The Raeburn Hotel languished lonely and unloved in Stockbridge for a number of years until it was re-opened earlier this year as simply The Raeburn. Offering boutique hotel rooms, a bar, restaurant and various terraces, a lot of money has clearly been spent on the place as we discovered recently when we went for Sunday brunch the day after a wedding. Eight of us plus Eric the dog were looking forward to a hearty breakfast and a look back at the previous day’s momentous events in the company of the bride and groom themselves. So did the Raeburn measure up enough for us to consider a long-term relationship?
We were booked into the restaurant for brunch on a Sunday morning but it was soon revealed that although dogs are welcome in the bar, the restaurant is off limits to furry friends so we decamped to a high table at the bar, which to be honest was in a buzzier part of the Raeburn and give us a great vantage point from which to see the monied residents of Stockbridge go about their weekend business. The bar was busy, as was the outside ground-floor terrace, although a flurry of rain soon saw a few refugees hurry inside. The first thing I noticed once we were seated was that there is an abundance of two things in The Raeburn: wood and staff. At any one time, there were around eight staff members at the bar, pouring drinks, grabbing trays or putting in orders. As for wood, from the floors to the tables, there is definitely a chunky timber vibe going on here.
But we were not here to admire the wood, we were here to sate our demanding, expanded bellies, which had been spoiled the night before at the Royal College of Physicians on Queen Street. We’d originally been given a breakfast menu in the restaurant before the arrival of Eric (still sporting his wedding finery) and I already had my eye on the full Scottish, at whatever price. And I had no idea of the price because despite the bottom of the menu stating that prices were inclusive of VAT, no actual costs were listed. Upon entering the bar, we received a lengthier menu which thankfully still included the full Scottish although according to our waiter the breakfasts in this room didn’t include tea or coffee, like in the restaurant. Confusing. Especially when paying later, they clearly did.
The confusion did not end there. Despite two of our party requesting that not a mushroom should be seen on their plates, when their breakfasts arrived those pesky fungi had managed to sneak on unnoticed by any kitchen or waiting staff. Mrs Bar Fly was also disappointed to receive the definite runt of the sausage litter, clearly at least a third smaller than others on display at the table. Furthermore, instead of bacon, she received a strip of uncrispy fat with the odd patch of edible meat. To add insult to injury, the meagre supply of toast supplied to the table had to be sent back after it arrived looking like it had been at the seat of the recent Glasgow School of Art fire.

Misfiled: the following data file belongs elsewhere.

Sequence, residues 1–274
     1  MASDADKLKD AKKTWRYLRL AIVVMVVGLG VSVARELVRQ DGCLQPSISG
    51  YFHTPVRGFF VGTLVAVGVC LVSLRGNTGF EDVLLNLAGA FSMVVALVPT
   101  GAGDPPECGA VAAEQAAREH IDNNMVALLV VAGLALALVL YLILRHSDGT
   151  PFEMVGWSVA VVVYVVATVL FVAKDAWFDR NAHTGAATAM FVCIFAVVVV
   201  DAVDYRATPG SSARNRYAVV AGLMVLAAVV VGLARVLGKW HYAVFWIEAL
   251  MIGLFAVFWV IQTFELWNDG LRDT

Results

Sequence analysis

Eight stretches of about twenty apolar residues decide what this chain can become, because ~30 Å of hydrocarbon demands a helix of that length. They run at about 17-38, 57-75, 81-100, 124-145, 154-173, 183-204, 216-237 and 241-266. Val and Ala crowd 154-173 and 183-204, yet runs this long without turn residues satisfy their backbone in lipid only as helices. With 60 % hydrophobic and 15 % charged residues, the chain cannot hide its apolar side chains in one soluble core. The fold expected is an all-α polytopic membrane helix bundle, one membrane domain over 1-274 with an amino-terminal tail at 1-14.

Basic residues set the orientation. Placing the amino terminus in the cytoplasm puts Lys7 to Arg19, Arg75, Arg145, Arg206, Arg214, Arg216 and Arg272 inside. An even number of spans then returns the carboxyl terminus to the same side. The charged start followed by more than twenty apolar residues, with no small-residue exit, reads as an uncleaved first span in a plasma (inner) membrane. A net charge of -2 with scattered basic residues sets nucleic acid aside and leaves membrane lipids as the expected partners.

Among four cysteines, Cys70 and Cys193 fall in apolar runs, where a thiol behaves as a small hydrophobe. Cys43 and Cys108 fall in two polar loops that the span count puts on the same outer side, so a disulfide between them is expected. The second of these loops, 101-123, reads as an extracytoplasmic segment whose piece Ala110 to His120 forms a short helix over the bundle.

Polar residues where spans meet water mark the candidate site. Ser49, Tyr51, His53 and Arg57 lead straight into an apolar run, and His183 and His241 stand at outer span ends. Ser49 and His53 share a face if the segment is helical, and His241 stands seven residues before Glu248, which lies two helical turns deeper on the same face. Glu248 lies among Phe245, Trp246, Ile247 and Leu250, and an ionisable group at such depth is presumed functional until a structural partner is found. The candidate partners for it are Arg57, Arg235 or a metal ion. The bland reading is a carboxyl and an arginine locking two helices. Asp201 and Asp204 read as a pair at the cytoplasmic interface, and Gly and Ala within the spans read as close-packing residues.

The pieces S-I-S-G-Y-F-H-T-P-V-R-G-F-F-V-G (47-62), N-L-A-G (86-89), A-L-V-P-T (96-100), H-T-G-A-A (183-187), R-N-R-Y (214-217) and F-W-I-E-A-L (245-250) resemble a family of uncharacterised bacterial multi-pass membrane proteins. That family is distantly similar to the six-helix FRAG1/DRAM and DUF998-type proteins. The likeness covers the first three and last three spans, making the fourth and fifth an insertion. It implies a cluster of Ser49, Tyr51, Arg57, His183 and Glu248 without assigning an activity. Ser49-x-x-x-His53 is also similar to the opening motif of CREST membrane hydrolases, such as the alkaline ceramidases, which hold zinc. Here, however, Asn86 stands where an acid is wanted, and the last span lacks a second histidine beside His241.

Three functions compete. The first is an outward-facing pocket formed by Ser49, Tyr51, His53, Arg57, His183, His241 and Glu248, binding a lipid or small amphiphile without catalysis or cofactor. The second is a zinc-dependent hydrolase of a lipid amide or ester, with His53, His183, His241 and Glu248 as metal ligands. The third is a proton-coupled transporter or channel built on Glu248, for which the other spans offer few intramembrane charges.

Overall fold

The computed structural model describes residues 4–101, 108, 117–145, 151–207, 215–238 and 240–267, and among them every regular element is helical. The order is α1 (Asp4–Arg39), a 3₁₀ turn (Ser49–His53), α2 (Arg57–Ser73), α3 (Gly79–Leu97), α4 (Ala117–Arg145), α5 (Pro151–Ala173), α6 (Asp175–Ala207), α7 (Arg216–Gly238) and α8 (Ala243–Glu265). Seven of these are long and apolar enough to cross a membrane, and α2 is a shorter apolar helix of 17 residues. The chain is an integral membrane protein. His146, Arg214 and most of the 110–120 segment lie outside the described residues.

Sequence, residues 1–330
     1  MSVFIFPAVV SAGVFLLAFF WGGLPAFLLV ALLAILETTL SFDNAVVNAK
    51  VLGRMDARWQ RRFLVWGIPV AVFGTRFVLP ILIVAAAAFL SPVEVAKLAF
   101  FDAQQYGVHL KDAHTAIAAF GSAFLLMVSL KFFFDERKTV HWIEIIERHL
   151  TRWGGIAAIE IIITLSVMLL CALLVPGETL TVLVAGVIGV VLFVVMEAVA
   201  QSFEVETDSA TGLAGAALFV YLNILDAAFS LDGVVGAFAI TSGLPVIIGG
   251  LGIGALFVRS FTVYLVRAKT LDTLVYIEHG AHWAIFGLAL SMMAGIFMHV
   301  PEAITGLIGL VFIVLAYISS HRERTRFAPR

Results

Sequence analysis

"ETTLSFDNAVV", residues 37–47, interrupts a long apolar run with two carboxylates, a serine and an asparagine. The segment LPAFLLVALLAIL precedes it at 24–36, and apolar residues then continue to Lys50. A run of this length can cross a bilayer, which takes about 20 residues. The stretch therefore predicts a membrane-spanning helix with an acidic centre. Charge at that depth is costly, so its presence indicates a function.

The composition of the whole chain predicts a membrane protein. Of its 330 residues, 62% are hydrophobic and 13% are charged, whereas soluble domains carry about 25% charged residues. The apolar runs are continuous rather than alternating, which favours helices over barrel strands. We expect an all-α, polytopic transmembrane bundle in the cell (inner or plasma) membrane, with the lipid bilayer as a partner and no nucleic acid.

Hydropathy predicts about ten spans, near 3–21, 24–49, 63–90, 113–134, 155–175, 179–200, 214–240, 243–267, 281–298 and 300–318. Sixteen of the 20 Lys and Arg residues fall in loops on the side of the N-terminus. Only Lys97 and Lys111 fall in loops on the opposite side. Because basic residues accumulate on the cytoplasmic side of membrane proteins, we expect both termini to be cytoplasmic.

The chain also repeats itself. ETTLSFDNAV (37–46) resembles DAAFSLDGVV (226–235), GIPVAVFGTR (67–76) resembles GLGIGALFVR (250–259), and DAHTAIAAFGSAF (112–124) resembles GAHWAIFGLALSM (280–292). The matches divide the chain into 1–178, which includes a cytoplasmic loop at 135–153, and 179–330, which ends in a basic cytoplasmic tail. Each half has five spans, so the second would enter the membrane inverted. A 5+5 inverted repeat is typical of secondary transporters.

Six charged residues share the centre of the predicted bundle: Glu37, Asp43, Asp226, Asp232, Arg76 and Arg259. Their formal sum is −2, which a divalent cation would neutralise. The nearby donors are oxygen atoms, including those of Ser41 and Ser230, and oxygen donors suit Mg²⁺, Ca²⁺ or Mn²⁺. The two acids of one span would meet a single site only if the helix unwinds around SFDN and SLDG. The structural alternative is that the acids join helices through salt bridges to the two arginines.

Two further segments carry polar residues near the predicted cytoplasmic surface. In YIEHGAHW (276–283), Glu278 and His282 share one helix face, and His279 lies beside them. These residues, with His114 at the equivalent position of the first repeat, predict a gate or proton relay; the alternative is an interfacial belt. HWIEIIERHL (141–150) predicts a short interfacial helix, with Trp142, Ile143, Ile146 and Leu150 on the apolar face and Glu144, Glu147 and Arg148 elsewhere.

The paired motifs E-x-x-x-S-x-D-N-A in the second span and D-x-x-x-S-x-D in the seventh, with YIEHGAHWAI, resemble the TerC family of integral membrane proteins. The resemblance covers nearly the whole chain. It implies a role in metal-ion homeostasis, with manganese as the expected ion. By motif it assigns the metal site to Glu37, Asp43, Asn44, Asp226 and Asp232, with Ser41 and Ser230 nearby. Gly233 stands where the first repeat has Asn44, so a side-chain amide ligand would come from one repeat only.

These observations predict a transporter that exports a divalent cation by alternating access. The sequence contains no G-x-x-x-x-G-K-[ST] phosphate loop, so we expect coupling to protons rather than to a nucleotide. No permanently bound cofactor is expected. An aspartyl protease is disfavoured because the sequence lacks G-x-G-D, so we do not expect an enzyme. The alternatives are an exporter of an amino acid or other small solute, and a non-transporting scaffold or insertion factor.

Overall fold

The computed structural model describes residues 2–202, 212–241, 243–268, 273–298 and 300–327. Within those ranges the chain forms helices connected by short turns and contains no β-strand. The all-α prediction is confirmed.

My full Scottish breakfast (£9) was fine. They’d remembered to scramble the eggs and all the distinct parts of it were OK, with the haggis/black pudding particularly tasty. You don’t get a huge Teuchters-style portion here, and even the regular size sausages are not impressive. My bacon, although a bit more bacon-like than Mrs Bar Fly’s, was hardly a showstopper and again there wasn’t much of it. The partner of my acquaintance had the scrambled eggs and smoked salmon and true to form, the portion was erring on too small. There were also a couple of portions of chips for the table and although these were chunky and tasty, like the bacon, they could have been crispier.
Drinks wise, I stuck to the orange juice while a couple of the guys had very impressive looking Bloody Marys. They certainly had the wow factor and came in at £6.25 each. Pints in here are around the eye-watering £4.00 mark but I did notice they had two of my favourites on – Jarl and Ossian. There is an extensive bottled beer list as well as a decent cocktail menu as you would expect in a place like this. None of it is cheap but this is Stockbridge – Tom Kitchin’s Scran & Scallie is across the road so locals are used to paying good money down this way.
Looking to the positives, the staff at The Raeburn were extremely friendly and helpful and the place looks great. As you’d expect, the toilets are sparkling and offer fancy hand creams while the roof terraces will no doubt be popular on those beautiful sunny Edinburgh days we are occasionally blessed with. The view at the moment is of a bit of a building site and an unfinished, never-to-be-finished tennis arena on the rugby pitch but it’s pleasant enough. I also love the branding throughout the place – it’s very classy and makes me think they’ve monogrammed everything in my honour.
There’s no doubt that there is the potential to make good money here and the surroundings mean this will be popular no matter what. They’ll pick up their fair share of those who fail to book at Kitchin’s place across the road and the sheer size of this place will make it attractive to groups. However, I have to say that if you’re looking for the best breakfast in Edinburgh, it’s not here.